Now more than ever, coordination and co-operation are needed to weather the pandemic’s economic and financial headwinds.
The Covid-19 crisis is unprecedented. Policy-makers and pundits agree that the pandemic will have large adverse economic and financial consequences. Global economic activity has already contracted; in February the JP Morgan global all-industry index fell to 46.1 from 52.2 the previous month, its lowest level since 2009. Likewise, global equities have been infected as world indices plunge.
The International Monetary Fund expects the pandemic to trigger a recession in 2020 that could be worse that the one triggered by the 2008 crisis. On a more positive note, the impact would be transitory and a quick recovery can be expected in 2021, conditional on the successful containment of the outbreak.
During the 2008 financial crisis, central banks were the ‘only game in town,’ lowering interest rates aggressively and resorting to non-conventional monetary tools such as quantitative easing to help contain systemic risks and successfully avert a global financial meltdown.
Following this experience, notions on central banks’ economic role became highly inflated. Central banks are now expected to undertake responsibilities that fall outside the ambit of traditional monetary policy. At present, they are actively involved in policy dialogues on inequality, climate change and fiscal sustainability. While central banks can contribute productively in addressing these issues, taking on broader public policy goals could potentially overburden monetary policy and hinder their ability to steer the economy through another crisis.
Quarantine or isolation is necessary to contain the pandemic, but the exact opposite is needed to counter its adverse economic and financial consequences – policy coordination.
Central banks were quick to react. Among the tools deployed were aggressive rate cuts, asset purchases, currency interventions and liquidity injections.
Though these measures are necessary to calm financial markets, they are not enough to steer economic growth back to recovery. First, prolonged monetary easing has left most major central banks with less ammunition and little room to manoeuvre. Second, monetary stimulus measures are only addressing a secondary shock, the financial repercussions of the primary shock to the real economy. Recovery from the public health crisis may take longer and its sustainability will require long-term measures like improved healthcare, education and training, and capacity building.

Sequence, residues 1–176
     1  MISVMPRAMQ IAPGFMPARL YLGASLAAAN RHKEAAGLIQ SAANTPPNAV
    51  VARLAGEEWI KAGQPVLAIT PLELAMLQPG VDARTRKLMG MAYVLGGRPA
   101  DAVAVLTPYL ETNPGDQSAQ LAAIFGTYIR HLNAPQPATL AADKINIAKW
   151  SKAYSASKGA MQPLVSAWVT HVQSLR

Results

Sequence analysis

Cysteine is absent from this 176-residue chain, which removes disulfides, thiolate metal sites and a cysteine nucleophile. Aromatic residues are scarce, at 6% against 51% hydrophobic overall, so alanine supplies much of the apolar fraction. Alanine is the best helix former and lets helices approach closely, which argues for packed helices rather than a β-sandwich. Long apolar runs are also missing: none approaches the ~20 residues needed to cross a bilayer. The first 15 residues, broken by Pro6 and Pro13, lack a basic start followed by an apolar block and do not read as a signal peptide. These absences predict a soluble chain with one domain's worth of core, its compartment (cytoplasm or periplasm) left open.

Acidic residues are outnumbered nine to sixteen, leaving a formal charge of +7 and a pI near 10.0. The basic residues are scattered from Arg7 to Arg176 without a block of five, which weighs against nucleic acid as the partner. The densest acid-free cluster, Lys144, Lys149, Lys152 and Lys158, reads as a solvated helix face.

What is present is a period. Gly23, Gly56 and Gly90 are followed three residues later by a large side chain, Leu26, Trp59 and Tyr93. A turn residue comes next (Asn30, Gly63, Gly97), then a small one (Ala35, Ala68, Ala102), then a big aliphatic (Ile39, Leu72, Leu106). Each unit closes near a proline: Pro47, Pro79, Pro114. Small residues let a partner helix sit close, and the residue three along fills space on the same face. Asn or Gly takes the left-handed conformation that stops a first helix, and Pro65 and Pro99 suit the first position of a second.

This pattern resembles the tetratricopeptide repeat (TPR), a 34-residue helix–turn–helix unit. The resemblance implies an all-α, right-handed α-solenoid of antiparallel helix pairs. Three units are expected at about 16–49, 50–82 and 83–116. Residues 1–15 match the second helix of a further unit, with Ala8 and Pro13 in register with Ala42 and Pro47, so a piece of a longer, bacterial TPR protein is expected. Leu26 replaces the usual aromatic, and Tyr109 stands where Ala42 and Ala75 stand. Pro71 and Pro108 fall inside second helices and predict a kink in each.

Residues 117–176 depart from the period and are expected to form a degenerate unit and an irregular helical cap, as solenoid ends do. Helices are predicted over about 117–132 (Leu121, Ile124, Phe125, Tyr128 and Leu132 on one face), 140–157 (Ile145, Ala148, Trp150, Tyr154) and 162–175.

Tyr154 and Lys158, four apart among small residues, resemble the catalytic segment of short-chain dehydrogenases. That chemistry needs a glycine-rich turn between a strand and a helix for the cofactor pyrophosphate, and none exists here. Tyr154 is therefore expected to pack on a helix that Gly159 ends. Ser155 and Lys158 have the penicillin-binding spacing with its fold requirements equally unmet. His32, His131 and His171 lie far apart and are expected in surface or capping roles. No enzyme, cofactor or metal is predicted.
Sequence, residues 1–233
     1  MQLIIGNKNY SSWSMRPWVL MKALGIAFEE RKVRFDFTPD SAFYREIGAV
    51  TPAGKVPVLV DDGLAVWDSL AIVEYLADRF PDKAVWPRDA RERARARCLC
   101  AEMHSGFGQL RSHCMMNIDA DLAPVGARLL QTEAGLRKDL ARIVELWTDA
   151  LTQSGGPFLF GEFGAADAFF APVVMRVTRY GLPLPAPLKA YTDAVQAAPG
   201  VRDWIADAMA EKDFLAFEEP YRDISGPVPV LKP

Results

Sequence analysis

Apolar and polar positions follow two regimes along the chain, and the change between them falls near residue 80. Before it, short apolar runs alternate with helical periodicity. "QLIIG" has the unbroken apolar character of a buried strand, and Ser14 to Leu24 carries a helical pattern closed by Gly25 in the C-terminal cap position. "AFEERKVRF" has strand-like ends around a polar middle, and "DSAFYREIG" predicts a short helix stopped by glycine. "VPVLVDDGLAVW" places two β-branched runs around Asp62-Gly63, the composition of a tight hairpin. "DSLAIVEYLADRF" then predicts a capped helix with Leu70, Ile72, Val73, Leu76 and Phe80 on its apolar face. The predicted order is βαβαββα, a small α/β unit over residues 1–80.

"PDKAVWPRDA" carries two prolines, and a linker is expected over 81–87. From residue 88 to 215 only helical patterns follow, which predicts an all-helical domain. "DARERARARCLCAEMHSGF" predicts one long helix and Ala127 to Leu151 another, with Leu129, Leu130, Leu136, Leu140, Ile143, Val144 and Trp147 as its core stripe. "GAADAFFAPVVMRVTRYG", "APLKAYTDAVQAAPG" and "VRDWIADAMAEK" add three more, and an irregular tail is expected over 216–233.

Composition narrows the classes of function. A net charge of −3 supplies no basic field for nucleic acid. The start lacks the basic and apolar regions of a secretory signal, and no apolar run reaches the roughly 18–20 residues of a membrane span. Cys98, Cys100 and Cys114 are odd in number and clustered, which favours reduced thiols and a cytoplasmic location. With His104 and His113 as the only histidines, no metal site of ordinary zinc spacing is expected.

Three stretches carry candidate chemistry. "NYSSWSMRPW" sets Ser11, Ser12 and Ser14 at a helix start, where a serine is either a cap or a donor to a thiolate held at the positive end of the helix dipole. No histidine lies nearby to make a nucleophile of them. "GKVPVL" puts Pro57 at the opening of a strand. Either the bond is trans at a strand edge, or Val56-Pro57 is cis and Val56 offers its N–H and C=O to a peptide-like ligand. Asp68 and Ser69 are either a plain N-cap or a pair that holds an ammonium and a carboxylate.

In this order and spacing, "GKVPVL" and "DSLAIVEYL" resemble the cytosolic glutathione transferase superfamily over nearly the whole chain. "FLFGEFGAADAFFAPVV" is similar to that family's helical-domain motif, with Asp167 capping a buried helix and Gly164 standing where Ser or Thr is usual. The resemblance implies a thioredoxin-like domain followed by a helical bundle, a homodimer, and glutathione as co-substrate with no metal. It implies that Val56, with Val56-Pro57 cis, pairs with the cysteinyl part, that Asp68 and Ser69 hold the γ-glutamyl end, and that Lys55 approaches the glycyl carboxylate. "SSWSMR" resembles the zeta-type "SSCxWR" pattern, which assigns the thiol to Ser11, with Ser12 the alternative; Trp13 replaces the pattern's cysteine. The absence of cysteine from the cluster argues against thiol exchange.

There is a need to tackle the crisis directly through determined fiscal stimulus. Governments must focus spending on improving healthcare systems and research a cure for the virus. Government injections are also needed to support firms and avoid disruptions in the supply of goods and services. On the demand side, cash handouts and expanded unemployment benefits can help affected workers and households by ensuring that they have continued means to purchase these goods and services. This can also help prevent social tension.
Central banks need to continue to provide the necessary ‘liquidity bazooka’ to ease credit conditions and provide ample liquidity in the system. These would calm markets and nudge banks to continue to provide lending to large and small firms.
Multilateral institutions like the IMF and World Bank can help by providing emergency finance and strengthening bilateral and multilateral surveillance on the pandemic and policy actions to temper its impact. The private sector can assist by continuing to provide employee salaries and benefits amid lockdowns to augment or provide household income and mitigate dissatisfaction.
In the fight against this crisis, everyone has a role to play.
Amando Tetangco, Jr. is the former governor of the Bangko Sentral ng Pilipinas.